And Ruth said, Intreat me not to leave thee, or to return from following after thee: for whither thou goest, I will go; and where thou lodgest, I will lodge: thy people shall be my people, and thy God my God. — Ruth 1:16
Great wails accompanied my youngest daughter’s insistent clinging as I attempted to leave her at a friend’s house so I could spend a couple of hours doing some volunteer work. I tried to convince her of the benefits of staying with my friend. I said that her sister would be there too, that she would have more fun playing with the other children, and that Mommy was coming back soon. All my words were to no avail. Our children have a connection with us, and in this case, my daughter did not want that “connection” broken for even a little while.
All of us have connections with other people, and some of those relationships are treasures to us. When I consider my special connections, I think of one gentleman, now growing older, who is a beautiful example of godly wisdom, righteousness, and gentleness. There is a lady who demonstrates gracious behavior and thoughtfulness with her knack of saying things in the right way at the appropriate time. Another lady is a vivacious and enthusiastic Christian. Whenever she speaks of someone, it is in a positive light, and she always believes the best of everyone.
These relationships are special to me because of the Christ-like virtues reflected in the lives of these people. In a similar way, Ruth’s heart had caught a glimpse of something special in the life of Naomi. Ruth had come to the realization that Naomi’s God was the true God, and she determined to accompany Naomi as she left Moab for Israel. The life that Naomi and her family had lived caused Ruth to make a life-changing decision.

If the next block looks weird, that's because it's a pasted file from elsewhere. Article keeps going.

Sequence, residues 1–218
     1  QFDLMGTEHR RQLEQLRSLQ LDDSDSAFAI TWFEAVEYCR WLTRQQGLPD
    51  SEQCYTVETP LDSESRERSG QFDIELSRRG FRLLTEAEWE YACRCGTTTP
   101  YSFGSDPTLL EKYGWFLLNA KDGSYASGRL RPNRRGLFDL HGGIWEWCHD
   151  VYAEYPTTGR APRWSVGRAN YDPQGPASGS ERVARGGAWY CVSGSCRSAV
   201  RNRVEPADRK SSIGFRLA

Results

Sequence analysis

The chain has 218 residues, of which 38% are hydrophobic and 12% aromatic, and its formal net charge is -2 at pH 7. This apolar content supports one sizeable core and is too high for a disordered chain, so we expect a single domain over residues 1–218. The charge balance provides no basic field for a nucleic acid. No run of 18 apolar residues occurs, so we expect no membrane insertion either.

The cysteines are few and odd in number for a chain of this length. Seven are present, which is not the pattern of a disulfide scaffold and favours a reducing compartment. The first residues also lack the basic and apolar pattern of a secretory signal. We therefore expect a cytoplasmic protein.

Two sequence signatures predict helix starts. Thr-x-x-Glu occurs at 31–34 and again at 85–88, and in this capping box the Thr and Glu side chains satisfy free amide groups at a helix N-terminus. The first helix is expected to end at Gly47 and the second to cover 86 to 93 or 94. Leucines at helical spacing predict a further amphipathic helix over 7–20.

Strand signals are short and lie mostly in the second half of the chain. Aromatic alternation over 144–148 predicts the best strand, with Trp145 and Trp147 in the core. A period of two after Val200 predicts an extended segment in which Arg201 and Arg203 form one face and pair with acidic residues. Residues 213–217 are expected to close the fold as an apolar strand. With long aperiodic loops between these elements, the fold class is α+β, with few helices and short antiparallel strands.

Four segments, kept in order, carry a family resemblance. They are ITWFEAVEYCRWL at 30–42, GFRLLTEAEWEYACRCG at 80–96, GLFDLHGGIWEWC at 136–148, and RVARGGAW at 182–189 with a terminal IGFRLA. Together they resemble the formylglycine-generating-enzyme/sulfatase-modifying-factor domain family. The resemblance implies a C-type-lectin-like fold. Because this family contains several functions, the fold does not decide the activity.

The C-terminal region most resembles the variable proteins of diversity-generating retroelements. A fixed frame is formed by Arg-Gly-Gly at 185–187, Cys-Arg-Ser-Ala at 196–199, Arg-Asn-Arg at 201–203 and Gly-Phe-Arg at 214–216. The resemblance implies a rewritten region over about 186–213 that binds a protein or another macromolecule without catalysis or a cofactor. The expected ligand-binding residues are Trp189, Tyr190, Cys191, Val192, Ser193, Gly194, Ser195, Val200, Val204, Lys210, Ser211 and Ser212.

Think about the people you know who have been born again because someone witnessed to them at school, on the job, in the home, or at a place of business. Then evaluate your own life. Does rubbing elbows with you enrich the lives of others? Do you exemplify virtues that would cause people to make life-changing decisions to serve God? Let us purpose to live in a way that will draw others to our Savior!
The time frame for the Book of Ruth is about one hundred thirty years after the Israelites entered the land of Canaan, in the era of the judges. Just three generations after Ruth’s story took place, David, the great-grandson of Ruth and Boaz, became the second king of Israel.
Moab was east of Israel, and its people were descendants of Lot. The Moabites often troubled the Children of Israel, so Elimelech left his inheritance in Israel to move to an enemy country. There his sons married Gentile women. Elimelech had endeavored to escape a famine, but eventually there were three funerals. Widows were dependent upon their families to sustain them, and the situation for these three women looked bleak.
After being in Moab for about ten years, Naomi learned that God had graciously visited His people in bringing an end to the famine in Israel, and she desired to return to her beloved land. Naomi and Ruth traveled about fifty or sixty miles and came to Israel in the spring, which was the time of the barley harvest.
In Bible times, names said something about the people who bore them. The name Naomi meant “beautiful” or “pleasant.” However, by the time she returned to Israel, she felt she should be called Mara, which means “bitter” or “one whose life is grievous.” Naomi’s comments in verses 13, 20, and 21 indicate that she felt the difficulties she had to face were God’s punishment for leaving Israel.
(Hannah’s Bible Outlines - Used by permission per WORDsearch)
I. Ruth’s resolve (1:1-22)
A. The setting (1:1-5)
B. The decision to return with Naomi to Judah (1:6-18)
C. The disgraceful return to Bethlehem (1:19-22)
Each day, let us purpose to obey God and then pray that our lives will influence others toward Him. If we do, the Lord will help us.